“Typically, as we have learned from our boat suppliers,” Quality’s owners, Dan and David Bair, explain, “other dealer’s sales departments that set goals for the year actually work up to that level of set goals. Our different type of psychological goal tracking has resulted in not only celebrating group successes and better accomplishment of our team-set goals, but it has also allowed us to better manage our inventory by specifically identifying and tracking sales of each product line by manufacturer.”
    The process – which Quality says allowed it to achieve the “lofty” goals it set for two of the three boat lines it represents in a down market – is now taught to other dealers by Quality’s boat supplier sales representatives.
    Survival 101: Make it worth their while
    Working hand-in-hand with the individual and overall goals a dealership sets are the rewards given for meeting those goals. As inventory ages, many dealerships work to “sweeten the pot” for the salesperson who finally makes that elusive sale.
    As is common practice among many of its peers, MasterCraft Dealers Services, for example, weights its salesmen’s commission structure by the age of each unit. The older the boat, the more money the salesmen make.
    At JOA Marine, the process works like this: A sliding scale is used to determine extra incentives for the sales associates. For units older than 180 days, sales associates receive up to 40 percent of the profit vs. the standard 20 percent; and any unit that reaches 280 days, the commissions increase to 50 percent.
    Galati Yacht Sales uses a slightly different approach. After a unit earns a spot on the company’s Hot Boat List, which a yacht is placed on after it reaches 140 days in cycle, a Richard Petty Driving Experience package is offered to salespeople as a result of the sale of select models.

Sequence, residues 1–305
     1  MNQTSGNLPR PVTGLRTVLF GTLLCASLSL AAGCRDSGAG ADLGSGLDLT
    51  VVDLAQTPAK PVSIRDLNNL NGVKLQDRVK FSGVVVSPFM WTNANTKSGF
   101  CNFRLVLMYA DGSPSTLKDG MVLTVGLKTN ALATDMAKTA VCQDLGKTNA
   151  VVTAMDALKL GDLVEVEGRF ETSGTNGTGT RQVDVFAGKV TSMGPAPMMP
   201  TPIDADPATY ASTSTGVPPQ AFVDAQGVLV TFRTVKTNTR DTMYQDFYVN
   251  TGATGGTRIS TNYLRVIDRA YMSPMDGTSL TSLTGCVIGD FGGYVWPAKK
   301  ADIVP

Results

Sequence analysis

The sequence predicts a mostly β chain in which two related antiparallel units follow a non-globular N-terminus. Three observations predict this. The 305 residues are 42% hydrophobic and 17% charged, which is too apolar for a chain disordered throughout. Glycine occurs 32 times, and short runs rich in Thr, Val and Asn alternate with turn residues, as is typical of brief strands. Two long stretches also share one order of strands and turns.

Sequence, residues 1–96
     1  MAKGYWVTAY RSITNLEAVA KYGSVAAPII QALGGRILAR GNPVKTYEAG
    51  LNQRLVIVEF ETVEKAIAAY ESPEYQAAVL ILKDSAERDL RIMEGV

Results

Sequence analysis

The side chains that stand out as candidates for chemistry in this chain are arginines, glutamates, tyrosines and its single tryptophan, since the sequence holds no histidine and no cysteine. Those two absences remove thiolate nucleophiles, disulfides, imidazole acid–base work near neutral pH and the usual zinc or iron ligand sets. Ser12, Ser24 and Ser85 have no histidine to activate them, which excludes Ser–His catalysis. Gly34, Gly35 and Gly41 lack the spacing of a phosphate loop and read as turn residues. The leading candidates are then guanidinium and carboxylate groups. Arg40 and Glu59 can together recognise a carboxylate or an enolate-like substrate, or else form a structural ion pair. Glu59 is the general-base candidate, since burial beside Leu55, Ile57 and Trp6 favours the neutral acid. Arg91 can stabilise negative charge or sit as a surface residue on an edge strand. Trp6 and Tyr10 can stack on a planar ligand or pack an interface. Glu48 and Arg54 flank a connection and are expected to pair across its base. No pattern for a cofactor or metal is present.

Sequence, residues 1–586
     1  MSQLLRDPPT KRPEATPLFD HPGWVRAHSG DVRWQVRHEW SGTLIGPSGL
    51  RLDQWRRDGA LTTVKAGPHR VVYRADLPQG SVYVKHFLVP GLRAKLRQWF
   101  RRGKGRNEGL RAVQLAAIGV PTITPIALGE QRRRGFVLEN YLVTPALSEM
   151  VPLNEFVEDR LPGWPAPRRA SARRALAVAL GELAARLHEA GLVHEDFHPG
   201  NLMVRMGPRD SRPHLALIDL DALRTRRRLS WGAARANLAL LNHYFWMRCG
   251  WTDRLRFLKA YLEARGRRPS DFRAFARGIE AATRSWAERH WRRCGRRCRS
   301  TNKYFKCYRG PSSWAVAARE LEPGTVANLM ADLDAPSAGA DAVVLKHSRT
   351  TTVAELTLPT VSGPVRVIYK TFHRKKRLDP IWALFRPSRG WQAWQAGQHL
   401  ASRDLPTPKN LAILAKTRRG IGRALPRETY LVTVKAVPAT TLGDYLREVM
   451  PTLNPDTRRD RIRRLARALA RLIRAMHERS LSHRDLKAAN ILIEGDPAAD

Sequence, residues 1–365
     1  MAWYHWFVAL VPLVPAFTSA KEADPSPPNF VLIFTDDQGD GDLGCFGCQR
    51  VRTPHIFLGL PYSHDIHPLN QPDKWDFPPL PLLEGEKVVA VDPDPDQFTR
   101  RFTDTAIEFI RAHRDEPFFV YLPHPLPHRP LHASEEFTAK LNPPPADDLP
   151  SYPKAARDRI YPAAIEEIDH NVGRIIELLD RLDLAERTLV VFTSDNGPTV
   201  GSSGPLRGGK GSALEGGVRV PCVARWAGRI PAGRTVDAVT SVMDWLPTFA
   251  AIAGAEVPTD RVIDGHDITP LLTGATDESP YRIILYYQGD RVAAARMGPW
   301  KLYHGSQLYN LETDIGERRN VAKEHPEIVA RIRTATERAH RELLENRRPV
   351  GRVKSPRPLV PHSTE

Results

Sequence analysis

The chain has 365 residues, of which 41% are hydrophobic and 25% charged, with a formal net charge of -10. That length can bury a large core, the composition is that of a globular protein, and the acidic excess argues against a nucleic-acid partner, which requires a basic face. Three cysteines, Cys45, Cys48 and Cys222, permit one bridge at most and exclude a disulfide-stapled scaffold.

“This was very well received,” says general manager Darren Plymale. “Other incentives are offered internally through increasing sales commissions, resulting in a higher level of concentration by our sales team on these designated units. This has also proven to be a successful formula for moving the aged inventories.”
    Finding Your Way: One third
    The Kelly’s Port philosophy for moving aged inventory can be summed up in three words: One-Third Boat. That phrase describes the program owner Randy Kelly came up with to encourage his salespeople to focus on moving aged inventory. Basically, whatever the gross profits are on those older boats, the salesperson gets one third.
    “What I like about it,” Kelly says, “is it creates the team spirit. I keep asking them to dump all this old inventory, and with this program, I’m pitching in with you. I don’t expect you to just dump it and only make $200 commission to ‘help Randy out.’ This way, it’s a two-way street.”
    Boating Industry highlighted this entire process as a best practice in our Feb. 2008 issue. To read it and other best practices on inventory management, visit the Best Practices portal at
    Finding Your Way: Inventory bonuses
    At George’s Marine & Sports – based in Ontario, Canada – a new bonus structure for the sales team was put in place that gives each salesperson an individual monthly goal and the sales managers monthly departmental goals. If those goals are reached, a bonus is paid to each employee who reached the set goal, resulting in some sales staff receiving an additional $500 per month.
    “This new incentive has directly increased our sales and more notably it is a self-motivated push the sales staff initiate on themselves, especially as we come to the end of a month,” says Jeff Wilcox, the company’s president. “Now that all sales staff have received at least one bonus, they can see the financial benefits of working a little bit harder and it has set new standards by raising the personal goals within the department.”
    Survival 101: Create more customers
    An even greater challenge than keeping salespeople interested in selling your full range of inventory is keeping your customers interested in buying it. While many dealers will grit their teeth and sacrifice margins to move a boat that has been on the lot too long, others have come up with alternatives they will at least try before taking that final unpleasant step.
    Dealerships with multiple locations move inventory between stores frequently to keep it fresh. JOA Marine, for example, moves its inventory to an alternate location every 30 to 60 days. Singleton Marine Group, too, has taken advantage of its multiple locations to decrease its stocking levels.